Deconstructing Structural Unemployment
Some economic observers argue “structural unemployment” has increased in the wake of the Great Recession, but in this paper we find little support for either of two arguments that suggest that structural unemployment has been on the rise. The first argument focuses on the large increase in unemployment among construction workers. The second argument is that falling house prices have reduced the mobility of unemployed workers — creating a “housing lock” in which unemployed workers, who would otherwise relocate to regions with jobs, are stuck in high unemployment areas.
|Date of creation:||Mar 2011|
|Date of revision:|
|Contact details of provider:|| Postal: 1611 Connecticut Ave, NW Suite 400, Washington, DC 20009|
Phone: (202) 293-5380
Fax: (202) 588 1356
Web page: http://www.cepr.net/
More information through EDIRC
Please report citation or reference errors to , or , if you are the registered author of the cited work, log in to your RePEc Author Service profile, click on "citations" and make appropriate adjustments.:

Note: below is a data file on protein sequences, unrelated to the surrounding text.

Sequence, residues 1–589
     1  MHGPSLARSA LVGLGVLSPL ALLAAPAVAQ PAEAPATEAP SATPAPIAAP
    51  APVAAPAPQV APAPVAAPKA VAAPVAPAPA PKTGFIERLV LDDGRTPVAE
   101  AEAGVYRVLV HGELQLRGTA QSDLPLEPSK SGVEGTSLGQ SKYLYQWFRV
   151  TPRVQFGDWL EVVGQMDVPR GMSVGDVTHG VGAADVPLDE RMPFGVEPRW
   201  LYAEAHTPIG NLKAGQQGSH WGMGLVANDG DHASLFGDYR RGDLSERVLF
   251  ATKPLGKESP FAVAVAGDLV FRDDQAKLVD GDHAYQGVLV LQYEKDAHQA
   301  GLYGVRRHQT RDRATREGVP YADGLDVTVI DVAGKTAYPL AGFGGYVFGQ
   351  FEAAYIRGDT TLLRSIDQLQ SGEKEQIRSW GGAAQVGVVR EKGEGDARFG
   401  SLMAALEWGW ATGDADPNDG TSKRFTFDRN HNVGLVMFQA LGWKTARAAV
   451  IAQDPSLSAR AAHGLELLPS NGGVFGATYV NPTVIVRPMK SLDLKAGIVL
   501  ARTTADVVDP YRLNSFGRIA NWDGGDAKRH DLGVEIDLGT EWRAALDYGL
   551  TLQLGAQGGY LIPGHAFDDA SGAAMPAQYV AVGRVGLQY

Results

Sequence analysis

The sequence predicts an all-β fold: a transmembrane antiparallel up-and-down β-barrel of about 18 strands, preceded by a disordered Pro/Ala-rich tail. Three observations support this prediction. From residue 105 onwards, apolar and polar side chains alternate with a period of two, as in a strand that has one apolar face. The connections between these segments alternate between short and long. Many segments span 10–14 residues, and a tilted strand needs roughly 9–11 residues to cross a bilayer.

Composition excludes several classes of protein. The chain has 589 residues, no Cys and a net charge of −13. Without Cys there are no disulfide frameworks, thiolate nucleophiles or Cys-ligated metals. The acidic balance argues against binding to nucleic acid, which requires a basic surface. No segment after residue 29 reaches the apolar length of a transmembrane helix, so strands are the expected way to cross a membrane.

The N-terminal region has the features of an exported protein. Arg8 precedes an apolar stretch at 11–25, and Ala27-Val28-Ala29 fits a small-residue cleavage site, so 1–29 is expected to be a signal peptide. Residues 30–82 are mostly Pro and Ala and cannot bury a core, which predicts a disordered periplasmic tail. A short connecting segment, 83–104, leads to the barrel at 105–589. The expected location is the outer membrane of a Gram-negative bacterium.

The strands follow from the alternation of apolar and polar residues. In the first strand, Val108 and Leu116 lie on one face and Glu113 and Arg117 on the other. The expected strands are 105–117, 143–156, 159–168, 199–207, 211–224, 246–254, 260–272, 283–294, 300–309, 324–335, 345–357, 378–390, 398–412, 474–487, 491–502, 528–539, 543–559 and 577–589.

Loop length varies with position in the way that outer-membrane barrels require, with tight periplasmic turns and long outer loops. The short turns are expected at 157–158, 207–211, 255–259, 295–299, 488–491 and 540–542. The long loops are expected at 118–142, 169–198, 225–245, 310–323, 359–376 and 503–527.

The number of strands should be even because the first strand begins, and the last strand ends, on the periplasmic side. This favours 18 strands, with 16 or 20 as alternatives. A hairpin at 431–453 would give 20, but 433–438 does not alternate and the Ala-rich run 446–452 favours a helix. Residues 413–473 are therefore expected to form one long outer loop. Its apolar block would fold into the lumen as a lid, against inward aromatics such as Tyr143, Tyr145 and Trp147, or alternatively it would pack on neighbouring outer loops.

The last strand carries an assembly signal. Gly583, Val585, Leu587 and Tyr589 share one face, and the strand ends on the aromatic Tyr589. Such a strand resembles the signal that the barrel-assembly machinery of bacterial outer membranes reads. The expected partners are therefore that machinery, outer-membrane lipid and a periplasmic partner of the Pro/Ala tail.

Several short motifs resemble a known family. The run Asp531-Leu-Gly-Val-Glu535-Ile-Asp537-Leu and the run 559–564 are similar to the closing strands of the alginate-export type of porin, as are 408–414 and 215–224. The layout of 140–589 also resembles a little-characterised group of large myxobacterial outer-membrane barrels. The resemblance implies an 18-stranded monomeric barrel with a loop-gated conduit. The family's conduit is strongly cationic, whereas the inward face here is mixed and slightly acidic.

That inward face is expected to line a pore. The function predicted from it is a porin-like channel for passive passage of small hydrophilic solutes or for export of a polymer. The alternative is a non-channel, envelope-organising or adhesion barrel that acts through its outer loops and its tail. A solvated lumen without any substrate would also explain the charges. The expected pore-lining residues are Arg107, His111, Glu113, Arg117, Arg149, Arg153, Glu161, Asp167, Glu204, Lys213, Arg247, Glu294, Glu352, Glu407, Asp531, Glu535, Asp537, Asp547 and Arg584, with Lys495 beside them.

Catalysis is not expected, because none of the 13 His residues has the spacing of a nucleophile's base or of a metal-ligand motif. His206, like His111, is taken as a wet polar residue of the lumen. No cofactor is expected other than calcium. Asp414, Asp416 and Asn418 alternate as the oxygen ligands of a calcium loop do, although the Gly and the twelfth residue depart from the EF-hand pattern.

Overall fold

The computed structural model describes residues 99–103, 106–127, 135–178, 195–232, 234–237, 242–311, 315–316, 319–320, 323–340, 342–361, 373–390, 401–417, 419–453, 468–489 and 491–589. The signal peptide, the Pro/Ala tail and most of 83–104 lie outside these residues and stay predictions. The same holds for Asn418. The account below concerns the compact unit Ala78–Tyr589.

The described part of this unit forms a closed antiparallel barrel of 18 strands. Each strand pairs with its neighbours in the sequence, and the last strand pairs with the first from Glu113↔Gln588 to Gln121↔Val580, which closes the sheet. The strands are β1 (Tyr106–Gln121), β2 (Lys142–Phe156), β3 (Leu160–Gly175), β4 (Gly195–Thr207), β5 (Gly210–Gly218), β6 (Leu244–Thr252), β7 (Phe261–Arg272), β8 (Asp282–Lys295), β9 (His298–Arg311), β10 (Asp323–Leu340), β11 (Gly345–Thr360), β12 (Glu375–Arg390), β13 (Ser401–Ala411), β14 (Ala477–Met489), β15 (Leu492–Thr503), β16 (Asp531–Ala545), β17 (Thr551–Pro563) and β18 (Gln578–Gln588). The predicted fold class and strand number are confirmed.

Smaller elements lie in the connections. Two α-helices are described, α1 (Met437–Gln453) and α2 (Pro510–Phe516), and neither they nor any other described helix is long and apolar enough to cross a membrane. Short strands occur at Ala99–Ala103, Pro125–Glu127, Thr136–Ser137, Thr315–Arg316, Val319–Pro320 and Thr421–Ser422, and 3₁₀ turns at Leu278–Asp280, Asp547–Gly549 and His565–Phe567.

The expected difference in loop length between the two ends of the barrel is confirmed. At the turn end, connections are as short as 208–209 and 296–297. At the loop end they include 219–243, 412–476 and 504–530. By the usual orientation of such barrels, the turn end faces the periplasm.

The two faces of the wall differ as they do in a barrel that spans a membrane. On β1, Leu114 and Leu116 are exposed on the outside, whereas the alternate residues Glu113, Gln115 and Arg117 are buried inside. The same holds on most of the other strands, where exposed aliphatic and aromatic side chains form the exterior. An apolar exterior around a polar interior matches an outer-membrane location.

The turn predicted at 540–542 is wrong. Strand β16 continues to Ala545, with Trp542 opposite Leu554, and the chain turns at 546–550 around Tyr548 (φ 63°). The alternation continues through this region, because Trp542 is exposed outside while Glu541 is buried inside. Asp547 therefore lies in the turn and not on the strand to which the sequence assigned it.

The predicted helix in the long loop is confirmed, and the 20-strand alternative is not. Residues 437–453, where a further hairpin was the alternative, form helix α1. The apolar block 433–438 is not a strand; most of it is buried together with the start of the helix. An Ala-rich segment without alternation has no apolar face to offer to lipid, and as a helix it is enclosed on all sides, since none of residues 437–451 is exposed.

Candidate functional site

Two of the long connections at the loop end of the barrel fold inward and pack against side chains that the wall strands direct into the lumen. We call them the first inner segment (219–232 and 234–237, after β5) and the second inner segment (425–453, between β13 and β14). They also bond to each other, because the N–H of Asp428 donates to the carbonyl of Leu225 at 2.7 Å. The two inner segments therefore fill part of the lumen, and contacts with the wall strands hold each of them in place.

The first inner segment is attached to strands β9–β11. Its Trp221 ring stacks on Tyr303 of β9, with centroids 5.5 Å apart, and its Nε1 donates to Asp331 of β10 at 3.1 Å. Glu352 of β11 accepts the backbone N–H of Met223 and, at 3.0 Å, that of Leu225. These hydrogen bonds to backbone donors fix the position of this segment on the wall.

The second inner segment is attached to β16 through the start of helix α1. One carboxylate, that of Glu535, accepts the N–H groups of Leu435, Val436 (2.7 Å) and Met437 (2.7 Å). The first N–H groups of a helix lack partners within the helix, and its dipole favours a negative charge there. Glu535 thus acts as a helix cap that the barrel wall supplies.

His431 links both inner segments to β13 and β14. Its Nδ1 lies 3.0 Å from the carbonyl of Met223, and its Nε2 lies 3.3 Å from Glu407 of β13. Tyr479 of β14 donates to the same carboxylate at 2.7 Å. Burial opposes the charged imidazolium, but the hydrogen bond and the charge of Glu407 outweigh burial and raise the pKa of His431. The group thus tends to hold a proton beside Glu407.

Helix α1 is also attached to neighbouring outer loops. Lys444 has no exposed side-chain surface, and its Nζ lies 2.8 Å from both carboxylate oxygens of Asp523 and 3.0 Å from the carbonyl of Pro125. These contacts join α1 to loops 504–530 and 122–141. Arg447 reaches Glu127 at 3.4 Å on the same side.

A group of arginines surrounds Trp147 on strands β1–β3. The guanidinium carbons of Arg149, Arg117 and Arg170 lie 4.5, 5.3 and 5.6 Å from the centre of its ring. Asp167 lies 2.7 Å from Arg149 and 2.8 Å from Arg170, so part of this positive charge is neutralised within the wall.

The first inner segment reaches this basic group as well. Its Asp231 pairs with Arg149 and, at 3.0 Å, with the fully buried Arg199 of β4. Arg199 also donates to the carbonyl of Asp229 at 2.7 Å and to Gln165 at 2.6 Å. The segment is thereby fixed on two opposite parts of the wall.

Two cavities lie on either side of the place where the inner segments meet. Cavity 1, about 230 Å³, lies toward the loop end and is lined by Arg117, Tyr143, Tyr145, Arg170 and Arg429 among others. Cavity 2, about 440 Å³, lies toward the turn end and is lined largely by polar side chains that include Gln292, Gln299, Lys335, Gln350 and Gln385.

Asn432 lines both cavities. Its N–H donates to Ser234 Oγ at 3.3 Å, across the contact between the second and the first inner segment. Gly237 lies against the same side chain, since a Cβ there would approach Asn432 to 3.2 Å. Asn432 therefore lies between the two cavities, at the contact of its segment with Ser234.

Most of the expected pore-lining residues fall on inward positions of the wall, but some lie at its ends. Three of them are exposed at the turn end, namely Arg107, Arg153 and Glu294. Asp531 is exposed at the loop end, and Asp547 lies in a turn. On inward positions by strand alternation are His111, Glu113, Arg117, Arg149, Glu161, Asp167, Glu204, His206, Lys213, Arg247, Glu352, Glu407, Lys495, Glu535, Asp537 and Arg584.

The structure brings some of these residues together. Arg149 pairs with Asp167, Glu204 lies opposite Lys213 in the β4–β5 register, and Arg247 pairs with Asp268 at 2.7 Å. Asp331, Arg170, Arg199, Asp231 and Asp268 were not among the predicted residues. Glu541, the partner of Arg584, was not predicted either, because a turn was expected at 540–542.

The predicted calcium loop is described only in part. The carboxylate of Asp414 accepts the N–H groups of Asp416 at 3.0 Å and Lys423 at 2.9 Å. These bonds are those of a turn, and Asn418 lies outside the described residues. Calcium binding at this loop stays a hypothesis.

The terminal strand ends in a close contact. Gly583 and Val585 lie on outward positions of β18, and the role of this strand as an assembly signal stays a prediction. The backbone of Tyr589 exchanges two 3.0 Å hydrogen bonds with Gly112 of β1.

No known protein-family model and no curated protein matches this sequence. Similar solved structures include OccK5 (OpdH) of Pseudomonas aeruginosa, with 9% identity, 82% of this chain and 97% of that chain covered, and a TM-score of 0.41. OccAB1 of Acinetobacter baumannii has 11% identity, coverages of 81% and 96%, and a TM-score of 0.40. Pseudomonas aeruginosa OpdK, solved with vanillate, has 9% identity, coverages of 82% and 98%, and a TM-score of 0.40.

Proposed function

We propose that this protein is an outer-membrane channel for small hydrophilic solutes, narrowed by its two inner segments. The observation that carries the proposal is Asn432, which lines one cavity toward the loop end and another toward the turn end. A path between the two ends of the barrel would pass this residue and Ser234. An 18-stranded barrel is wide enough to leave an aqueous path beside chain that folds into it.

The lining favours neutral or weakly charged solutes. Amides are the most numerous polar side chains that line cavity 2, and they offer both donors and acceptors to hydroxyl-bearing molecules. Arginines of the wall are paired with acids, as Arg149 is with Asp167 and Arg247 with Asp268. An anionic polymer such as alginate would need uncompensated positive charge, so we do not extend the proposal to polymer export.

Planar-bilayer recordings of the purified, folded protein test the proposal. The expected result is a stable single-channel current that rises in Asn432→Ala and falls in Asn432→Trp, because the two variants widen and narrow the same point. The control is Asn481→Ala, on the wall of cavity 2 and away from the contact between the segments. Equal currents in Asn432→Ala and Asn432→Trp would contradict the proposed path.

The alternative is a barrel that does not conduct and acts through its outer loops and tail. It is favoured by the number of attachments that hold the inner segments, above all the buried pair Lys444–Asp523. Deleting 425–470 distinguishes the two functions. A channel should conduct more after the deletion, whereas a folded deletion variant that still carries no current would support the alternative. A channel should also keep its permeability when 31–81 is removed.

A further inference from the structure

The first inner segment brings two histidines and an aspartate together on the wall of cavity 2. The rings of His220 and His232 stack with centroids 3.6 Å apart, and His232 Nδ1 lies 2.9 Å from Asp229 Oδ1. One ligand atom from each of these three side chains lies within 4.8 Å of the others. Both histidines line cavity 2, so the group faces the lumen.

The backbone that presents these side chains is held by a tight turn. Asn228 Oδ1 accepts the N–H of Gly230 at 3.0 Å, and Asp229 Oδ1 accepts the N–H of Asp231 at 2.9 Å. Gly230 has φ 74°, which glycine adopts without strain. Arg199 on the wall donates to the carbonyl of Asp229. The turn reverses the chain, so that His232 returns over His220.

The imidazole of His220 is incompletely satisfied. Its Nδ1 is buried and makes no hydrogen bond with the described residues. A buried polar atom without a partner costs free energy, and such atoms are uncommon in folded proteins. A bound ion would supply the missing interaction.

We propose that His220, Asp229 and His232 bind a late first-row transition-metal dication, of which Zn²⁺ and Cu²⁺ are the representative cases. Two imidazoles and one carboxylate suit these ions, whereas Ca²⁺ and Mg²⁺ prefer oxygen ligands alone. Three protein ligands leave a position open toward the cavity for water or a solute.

- Dean Baker, 2009. "The Housing Crash Recession and the Case for a Third Stimulus," CEPR Reports and Issue Briefs 2009-10, Center for Economic and Policy Research (CEPR).
When requesting a correction, please mention this item's handle: RePEc:epo:papers:2011-06. See general information about how to correct material in RePEc.
For technical questions regarding this item, or to correct its authors, title, abstract, bibliographic or download information, contact: ()
If references are entirely missing, you can add them using this form.